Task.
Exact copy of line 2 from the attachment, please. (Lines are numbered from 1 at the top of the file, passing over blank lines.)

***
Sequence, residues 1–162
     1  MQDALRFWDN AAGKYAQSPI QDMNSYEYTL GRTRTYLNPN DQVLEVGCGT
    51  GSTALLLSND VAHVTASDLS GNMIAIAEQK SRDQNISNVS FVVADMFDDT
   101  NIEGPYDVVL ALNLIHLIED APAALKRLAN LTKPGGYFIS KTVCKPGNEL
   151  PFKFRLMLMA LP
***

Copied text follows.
     1  MQDALRFWDN AAGKYAQSPI QDMNSYEYTL GRTRTYLNPN DQVLEVGCGT